Does Gov. Cuomo have a beef with the health-care industry — or does he just see it as a well of limitless cash?
It’s a fair question, because in his new budget, Cuomo repeatedly singles out the industry for tax hits. And they’re not even likely to solve New York’s budget woes.
For starters, he wants a cut of the proceeds from converting nonprofit health insurers to for-profit companies. He’s expecting $750 million annually for four years.
Yet, as Citizens Budget Commission President Carol Kellermann notes, the switchovers may never happen, or may not generate the hoped-for dough. Plus, the state’s using the money to cover outlays that don’t stop in four years. So the same budget hole will return then.
Then there’s his 14 percent tax on profits by insurers — who, he argues, “just got a 40 percent windfall profit” from federal tax reform. So it’s “totally justifiable to have a [state] tax to recoup part of their windfall benefit.”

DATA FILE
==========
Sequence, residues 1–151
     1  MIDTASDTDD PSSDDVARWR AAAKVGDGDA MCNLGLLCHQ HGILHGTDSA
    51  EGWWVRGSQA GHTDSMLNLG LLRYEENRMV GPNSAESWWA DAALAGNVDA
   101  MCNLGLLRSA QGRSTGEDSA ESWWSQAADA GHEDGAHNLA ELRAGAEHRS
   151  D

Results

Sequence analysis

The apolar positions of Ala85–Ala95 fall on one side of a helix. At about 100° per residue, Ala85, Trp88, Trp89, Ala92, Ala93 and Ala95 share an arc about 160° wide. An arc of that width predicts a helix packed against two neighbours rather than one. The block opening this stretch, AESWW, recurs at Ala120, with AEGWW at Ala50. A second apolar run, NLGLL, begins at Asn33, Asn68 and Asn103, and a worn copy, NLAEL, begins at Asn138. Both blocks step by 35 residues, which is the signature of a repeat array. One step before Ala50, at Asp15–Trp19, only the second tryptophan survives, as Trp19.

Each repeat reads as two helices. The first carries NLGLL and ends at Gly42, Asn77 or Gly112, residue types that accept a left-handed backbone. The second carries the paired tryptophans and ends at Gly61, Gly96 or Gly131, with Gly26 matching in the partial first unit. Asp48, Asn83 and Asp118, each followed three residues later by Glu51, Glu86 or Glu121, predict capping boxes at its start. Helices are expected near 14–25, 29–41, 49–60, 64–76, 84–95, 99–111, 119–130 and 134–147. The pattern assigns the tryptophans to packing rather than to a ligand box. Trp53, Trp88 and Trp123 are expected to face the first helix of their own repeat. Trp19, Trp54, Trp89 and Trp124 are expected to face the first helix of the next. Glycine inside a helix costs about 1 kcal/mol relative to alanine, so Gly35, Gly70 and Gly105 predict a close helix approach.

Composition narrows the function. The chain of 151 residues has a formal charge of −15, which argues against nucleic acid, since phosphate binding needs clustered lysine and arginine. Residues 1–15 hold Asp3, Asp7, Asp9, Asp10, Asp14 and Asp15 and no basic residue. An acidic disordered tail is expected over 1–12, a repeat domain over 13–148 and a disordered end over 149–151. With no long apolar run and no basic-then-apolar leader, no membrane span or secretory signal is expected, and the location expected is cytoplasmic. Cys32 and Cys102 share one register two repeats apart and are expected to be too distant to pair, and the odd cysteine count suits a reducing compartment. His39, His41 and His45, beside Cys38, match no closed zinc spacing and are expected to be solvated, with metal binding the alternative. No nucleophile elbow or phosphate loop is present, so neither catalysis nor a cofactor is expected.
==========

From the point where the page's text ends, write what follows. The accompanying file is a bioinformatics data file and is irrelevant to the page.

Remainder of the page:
Translation: If Uncle Sam hands out tax savings, New York wants part of it.
Yet the gov spares non-health firms from that 14 percent tax. True, he hits all businesses by denying them various existing tax credits through 2020. (Hey, they “got a 40 percent tax cut.”) But they should consider themselves lucky compared to insurers.
Here, too, New York will see a shortfall by 2021 when the credits phase back in (and when Cuomo hopes to move into the White House).
Finally, the gov wants to tax opioid-based drugs, supposedly to pay for “prevention, treatment and recovery services.” But as the Empire Center’s Bill Hammond notes, spending for such services is slated to remain mostly flat. In fact, he says, the new revenue will cover Medicaid costs that have soared, thanks in large part to Cuomo’s spike in the minimum wage — which will cost the state an extra $703 million in the coming year, or 2 ¹/₂ times the level projected when the gov hiked the minimum in 2016.
And if all of Cuomo’s budget gimmicks and tax hikes aren’t alarming enough, Hammond has more bad news: The side effect from all this will be to “drive up the cost of private insurance.” New Yorkers always pay in the end.